This was true, irrelevant, and revealing. This company thought smart phones were phones, only smarter. They had made some of the first cell phones which, of course had buttons on them. These had been successful. As they added smarts they added buttons. A good phone made a good phone call. The smart stuff was a bonus.
Apple made computers. For Apple, as Jobs’s announcement made clear, a smart phone was not a phone. It was a computer for your pocket that among other things made calls. Making computers was a problem that Apple, as Jobs described it, “solved” 20 years ago. It did not matter that Apple had never made a phone. It did matter that phone makers had never made a computer. The company I was advising, once a leading phone manufacturer, lost a large amount of money in 2007, saw its market share collapse, and was eventually sold.
“Why doesn’t it work?” deceives us with its simplicity. The first challenge is asking it. The Chief Engineer refused to consider this question. His logic: Sales are rising and customers are happy, therefore nothing is broken and there is nothing to fix.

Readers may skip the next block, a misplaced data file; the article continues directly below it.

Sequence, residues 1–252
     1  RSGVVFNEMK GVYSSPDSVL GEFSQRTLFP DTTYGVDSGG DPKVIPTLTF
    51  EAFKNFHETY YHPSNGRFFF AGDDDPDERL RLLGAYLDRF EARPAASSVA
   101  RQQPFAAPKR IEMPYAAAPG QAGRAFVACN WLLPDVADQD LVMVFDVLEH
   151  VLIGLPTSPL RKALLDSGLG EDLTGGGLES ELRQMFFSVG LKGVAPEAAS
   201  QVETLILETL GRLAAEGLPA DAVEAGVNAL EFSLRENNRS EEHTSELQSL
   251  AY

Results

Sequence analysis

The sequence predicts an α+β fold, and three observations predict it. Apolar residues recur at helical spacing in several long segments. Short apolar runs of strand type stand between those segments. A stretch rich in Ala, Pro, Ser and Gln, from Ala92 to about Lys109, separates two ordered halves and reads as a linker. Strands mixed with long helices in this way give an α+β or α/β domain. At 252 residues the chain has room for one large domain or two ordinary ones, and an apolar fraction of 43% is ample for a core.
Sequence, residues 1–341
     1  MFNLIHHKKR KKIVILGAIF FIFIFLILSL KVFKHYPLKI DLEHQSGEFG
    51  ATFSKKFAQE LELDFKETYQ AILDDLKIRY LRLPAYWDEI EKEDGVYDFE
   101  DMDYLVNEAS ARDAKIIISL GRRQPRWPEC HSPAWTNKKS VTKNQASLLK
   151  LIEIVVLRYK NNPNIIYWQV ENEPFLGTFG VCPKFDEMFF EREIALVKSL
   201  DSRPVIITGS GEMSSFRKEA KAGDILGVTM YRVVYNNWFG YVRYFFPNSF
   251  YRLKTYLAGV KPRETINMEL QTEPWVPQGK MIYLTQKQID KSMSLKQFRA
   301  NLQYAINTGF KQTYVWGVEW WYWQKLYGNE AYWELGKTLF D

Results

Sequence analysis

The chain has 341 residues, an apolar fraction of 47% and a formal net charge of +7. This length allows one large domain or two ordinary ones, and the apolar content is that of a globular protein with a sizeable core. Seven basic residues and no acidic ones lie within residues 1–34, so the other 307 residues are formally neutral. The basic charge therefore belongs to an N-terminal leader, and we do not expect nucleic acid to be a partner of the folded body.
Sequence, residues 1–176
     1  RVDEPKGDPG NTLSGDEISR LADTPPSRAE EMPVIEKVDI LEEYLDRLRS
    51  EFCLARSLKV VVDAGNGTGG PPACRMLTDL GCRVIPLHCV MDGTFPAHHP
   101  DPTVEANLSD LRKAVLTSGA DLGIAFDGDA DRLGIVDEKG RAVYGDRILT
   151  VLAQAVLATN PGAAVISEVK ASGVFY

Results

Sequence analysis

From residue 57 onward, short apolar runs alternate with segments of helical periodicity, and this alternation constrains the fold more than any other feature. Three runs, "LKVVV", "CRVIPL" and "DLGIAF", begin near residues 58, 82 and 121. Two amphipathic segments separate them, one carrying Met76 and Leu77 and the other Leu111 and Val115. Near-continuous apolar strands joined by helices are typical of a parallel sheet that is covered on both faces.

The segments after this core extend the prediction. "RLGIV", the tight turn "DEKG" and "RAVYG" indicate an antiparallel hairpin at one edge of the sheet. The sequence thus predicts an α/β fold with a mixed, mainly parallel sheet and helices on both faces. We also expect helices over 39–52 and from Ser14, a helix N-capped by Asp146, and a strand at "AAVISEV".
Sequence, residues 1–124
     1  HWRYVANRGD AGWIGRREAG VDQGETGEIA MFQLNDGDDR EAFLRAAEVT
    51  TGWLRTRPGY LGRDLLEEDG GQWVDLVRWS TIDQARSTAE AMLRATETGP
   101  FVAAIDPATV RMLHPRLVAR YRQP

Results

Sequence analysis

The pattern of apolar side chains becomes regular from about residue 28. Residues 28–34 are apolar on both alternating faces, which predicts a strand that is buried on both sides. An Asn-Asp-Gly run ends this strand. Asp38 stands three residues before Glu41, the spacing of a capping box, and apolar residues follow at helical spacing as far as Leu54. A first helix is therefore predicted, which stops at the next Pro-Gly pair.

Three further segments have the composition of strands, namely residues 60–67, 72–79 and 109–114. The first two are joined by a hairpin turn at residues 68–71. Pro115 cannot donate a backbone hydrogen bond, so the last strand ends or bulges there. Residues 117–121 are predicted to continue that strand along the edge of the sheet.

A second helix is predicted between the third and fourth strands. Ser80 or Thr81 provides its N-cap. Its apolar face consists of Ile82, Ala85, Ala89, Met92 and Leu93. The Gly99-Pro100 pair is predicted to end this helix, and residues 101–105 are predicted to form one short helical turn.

Sales + Customers = Nothing Broken is the formula for corporate cyanide. Most big companies that die kill themselves drinking it. Complacency is an enemy. “If it ain’t broke don’t fix it,” is an impossible idiom. No matter what the sales, no matter what the customer satisfaction, there is always something to fix. Asking, “Why doesn’t it work?” is creation’s inhalation. Answering is breathing out. Innovation becomes suffocation without it.
“Why doesn’t it work?” has the pull of a pole star. It sets creation’s direction. For Jobs and the iPhone the critical point of departure was not finding a solution but seeing a problem: the problem of permanent keyboards making smarter phones harder to use. Everything else followed.
Apple was not unique. Korean electronics giant LG launched a product much like the iPhone before the iPhone was announced. The LG Prada had a full-size touch screen, won design awards, and sold a million units. When Apple’s very similar direction — a big touch screen — was revealed, competitors built near replicas within months. These other companies could make an iPhone but they could not conceive one. They could not look at their existing products and ask, “Why doesn’t it work?”